Competing interest . . . . . . . . . . . . . . . . . . . . . . . . . . . . . . . . . . . . . . . . . . . . . . . . . . . . . . . . . . . . . . . . . . . . . . . . . . . . . . . . . . . . . . . . . . . . . . . . . . . . . . . . . . . . . . . . . . . . . . . . . . . . . . . . . . 116
Funding . . . . . . . . . . . . . . . . . . . . . . . . . . . . . . . . . . . . . . . . . . . . . . . . . . . . . . . . . . . . . . . . . . . . . . . . . . . . . . . . . . . . . . . . . . . . . . . . . . . . . . . . . . . . . . . . . . . . . . . . . . . . . . . . . . . . . . . . . . . . . . 116
Provenance and peer review . . . . . . . . . . . . . . . . . . . . . . . . . . . . . . . . . . . . . . . . . . . . . . . . . . . . . . . . . . . . . . . . . . . . . . . . . . . . . . . . . . . . . . . . . . . . . . . . . . . . . . . . . . . . . . . . . . . . . . . . 116
Acknowledgement . . . . . . . . . . . . . . . . . . . . . . . . . . . . . . . . . . . . . . . . . . . . . . . . . . . . . . . . . . . . . . . . . . . . . . . . . . . . . . . . . . . . . . . . . . . . . . . . . . . . . . . . . . . . . . . . . . . . . . . . . . . . . . . . . . . 116
References . . . . . . . . . . . . . . . . . . . . . . . . . . . . . . . . . . . . . . . . . . . . . . . . . . . . . . . . . . . . . . . . . . . . . . . . . . . . . . . . . . . . . . . . . . . . . . . . . . . . . . . . . . . . . . . . . . . . . . . . . . . . . . . . . . . . . . . . . . . 116

1. Introduction older populations. The major challenge, with ageing populations


is to maintain physical and cognitive functions, quality of life and
Worldwide, it is well-recognized that the population is ageing independence.
and that this will have signicant economic and social impacts [1,2]. Ageing is a continuous process, that includes loss of functional
Accompanying these increasing life expectancies is an awareness capability and changes that depend on numerous genetic, environ-
of the need to promote positive ageing and healthy lifestyles for mental, and lifestyle factors [3]. Ageing is usually viewed as being
distinct from major chronic diseases, but there are often shared
exposure factors or mechanisms, for example, oxidative processes
Correspondence address: Centre of Family Medicine, Department of Neurobio-
that cause mutations in DNA. A study by Newman et al. showed a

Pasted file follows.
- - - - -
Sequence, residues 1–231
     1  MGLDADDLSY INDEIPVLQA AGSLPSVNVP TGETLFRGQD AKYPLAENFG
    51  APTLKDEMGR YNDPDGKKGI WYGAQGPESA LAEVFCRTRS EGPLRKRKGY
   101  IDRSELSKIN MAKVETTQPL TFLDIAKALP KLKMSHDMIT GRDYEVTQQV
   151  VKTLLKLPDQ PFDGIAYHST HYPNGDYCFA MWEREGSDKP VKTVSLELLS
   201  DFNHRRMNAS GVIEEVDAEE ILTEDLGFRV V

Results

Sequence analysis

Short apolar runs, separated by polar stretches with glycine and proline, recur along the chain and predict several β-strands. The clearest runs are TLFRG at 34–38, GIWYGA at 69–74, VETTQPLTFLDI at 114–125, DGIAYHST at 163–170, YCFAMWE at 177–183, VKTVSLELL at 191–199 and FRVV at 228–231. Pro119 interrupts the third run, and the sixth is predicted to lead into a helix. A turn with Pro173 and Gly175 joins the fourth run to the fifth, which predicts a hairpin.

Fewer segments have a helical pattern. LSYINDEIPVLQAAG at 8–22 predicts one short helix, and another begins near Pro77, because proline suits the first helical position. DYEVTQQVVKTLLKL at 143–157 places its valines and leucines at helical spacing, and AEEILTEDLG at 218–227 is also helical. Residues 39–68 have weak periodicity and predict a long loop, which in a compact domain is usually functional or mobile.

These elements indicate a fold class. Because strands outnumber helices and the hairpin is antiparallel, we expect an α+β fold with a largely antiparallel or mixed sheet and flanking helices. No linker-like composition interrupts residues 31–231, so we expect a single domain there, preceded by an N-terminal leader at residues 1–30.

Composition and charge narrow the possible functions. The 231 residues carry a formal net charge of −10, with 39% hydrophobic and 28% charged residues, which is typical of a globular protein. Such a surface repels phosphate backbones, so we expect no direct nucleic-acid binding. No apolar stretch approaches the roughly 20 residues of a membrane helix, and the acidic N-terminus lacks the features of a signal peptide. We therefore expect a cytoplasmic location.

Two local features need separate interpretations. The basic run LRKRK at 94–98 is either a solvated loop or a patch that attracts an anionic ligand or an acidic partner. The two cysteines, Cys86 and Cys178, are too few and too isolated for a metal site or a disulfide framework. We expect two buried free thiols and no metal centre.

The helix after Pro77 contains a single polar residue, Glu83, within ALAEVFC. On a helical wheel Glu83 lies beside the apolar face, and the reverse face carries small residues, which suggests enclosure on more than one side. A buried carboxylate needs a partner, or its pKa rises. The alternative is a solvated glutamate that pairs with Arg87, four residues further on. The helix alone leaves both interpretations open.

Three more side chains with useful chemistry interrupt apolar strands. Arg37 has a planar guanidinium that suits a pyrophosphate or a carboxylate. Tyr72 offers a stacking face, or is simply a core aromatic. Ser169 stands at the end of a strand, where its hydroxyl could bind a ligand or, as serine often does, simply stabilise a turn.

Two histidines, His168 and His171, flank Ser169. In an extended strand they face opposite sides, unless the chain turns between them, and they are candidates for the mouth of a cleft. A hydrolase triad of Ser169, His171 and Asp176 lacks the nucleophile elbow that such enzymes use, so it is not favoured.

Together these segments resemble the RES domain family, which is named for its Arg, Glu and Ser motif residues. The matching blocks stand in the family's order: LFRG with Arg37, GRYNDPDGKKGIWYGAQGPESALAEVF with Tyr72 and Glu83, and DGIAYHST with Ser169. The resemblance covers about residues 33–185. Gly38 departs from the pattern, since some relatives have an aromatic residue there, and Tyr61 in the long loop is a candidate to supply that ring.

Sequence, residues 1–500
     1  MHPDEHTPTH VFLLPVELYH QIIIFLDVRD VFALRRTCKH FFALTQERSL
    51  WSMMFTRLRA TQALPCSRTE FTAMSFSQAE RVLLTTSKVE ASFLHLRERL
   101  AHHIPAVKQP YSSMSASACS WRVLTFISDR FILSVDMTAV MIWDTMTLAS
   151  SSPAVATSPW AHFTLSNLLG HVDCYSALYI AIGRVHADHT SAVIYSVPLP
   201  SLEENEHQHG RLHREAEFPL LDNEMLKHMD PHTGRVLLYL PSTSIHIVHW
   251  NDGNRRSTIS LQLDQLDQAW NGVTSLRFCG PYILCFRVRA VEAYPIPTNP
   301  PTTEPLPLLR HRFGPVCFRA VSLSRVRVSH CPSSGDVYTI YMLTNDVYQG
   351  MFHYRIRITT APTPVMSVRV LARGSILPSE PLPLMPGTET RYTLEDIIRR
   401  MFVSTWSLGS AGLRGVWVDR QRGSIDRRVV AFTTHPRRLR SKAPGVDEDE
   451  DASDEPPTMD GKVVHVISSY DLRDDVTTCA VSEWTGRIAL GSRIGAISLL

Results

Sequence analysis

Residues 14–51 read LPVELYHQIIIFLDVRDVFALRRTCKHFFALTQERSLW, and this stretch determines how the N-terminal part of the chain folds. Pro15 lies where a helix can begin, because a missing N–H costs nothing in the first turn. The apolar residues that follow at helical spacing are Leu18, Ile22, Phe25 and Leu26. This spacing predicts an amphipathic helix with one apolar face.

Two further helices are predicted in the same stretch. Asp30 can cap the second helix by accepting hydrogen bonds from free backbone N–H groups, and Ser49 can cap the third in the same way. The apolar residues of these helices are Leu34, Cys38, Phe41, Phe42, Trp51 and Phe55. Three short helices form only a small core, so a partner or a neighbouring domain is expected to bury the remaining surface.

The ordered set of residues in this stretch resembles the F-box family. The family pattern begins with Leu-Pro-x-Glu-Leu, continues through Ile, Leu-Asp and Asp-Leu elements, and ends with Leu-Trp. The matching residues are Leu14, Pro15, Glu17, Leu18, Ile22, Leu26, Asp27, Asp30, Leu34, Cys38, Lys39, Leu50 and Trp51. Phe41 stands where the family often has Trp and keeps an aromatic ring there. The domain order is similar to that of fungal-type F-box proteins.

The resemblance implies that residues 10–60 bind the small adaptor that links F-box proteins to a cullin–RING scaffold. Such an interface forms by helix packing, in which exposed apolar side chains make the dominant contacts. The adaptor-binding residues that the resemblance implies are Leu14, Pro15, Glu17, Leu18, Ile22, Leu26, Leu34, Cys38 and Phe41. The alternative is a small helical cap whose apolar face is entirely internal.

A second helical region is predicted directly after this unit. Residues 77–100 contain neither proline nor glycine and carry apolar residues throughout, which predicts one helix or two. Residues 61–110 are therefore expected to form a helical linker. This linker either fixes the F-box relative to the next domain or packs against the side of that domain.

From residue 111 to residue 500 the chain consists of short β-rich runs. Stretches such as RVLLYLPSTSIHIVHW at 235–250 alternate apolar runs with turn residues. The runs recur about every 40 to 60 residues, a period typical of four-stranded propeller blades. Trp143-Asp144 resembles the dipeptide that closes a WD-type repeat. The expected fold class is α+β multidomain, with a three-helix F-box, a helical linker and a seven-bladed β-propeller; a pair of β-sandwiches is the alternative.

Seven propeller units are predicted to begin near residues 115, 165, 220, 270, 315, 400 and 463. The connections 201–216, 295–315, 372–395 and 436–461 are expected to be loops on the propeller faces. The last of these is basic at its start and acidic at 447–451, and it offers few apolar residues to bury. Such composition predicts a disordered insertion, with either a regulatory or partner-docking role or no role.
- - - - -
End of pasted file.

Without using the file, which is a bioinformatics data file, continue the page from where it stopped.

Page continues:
logy, Care Sciences and Society, Karolinska Institutet, Alfred Nobels all 12, SE-141
graded relationship between the extent of vascular disease and the
83 Huddinge, Sweden. Tel.: +46 70 7360221. likelihood of an individual maintaining good health and function
E-mail address: marita.sodergren@ki.se as they age [4]. Previous studies have also found that an increased

0378-5122/$ see front matter 2013 Elsevier Ireland Ltd. All rights reserved.
http://dx.doi.org/10.1016/j.maturitas.2013.02.011
114 M. Sdergren / Maturitas 75 (2013) 113117

central distribution of fat with advancing age are associated with men participating in regular exercise programmes (both strength
chronic metabolic and cardiovascular abnormalities [5]. Chronic and aerobic training) elicited a number of favourable responses
diseases such as cardiovascular disease, diabetes, and chronic respi- that prevent functional decline. Strength training induced signif-
ratory diseases are projected by the WHO to become the leading icant changes in body strength and exibility tests, and the aerobic
causes of disability throughout the world by the year 2020 [2]. Three training improved aerobic endurance, agility and dynamic balance
modiable health risk behaviourslack of physical activity, tobacco [19]. Moreover, a combination of smoking and exercise patterns
use, and poor nutritionare responsible for much of the illness, suf- in midlife and late adulthood has been found to be a predictor
fering, and early death related to chronic diseases [1,2]. In addition, of subsequent disability. Bourke et al., found that exercising and
sedentary behaviours are emerging as an important component of refraining from cigarette smoking is associated with maintenance
the physical activity and health equation [6]. of good health in older men [20]. In addition, Vita et al. assessed
The link between physical activity and health has caused a surge cumulative disability after an average age of 67 years, and showed
in physical activity research, and the evidence is overwhelming that that the onset of disability, among non-smoking, exercising men
physical activity has a protective effect on cardiovascular health (low-risk-group) was postponed by more than ve years [21]. Both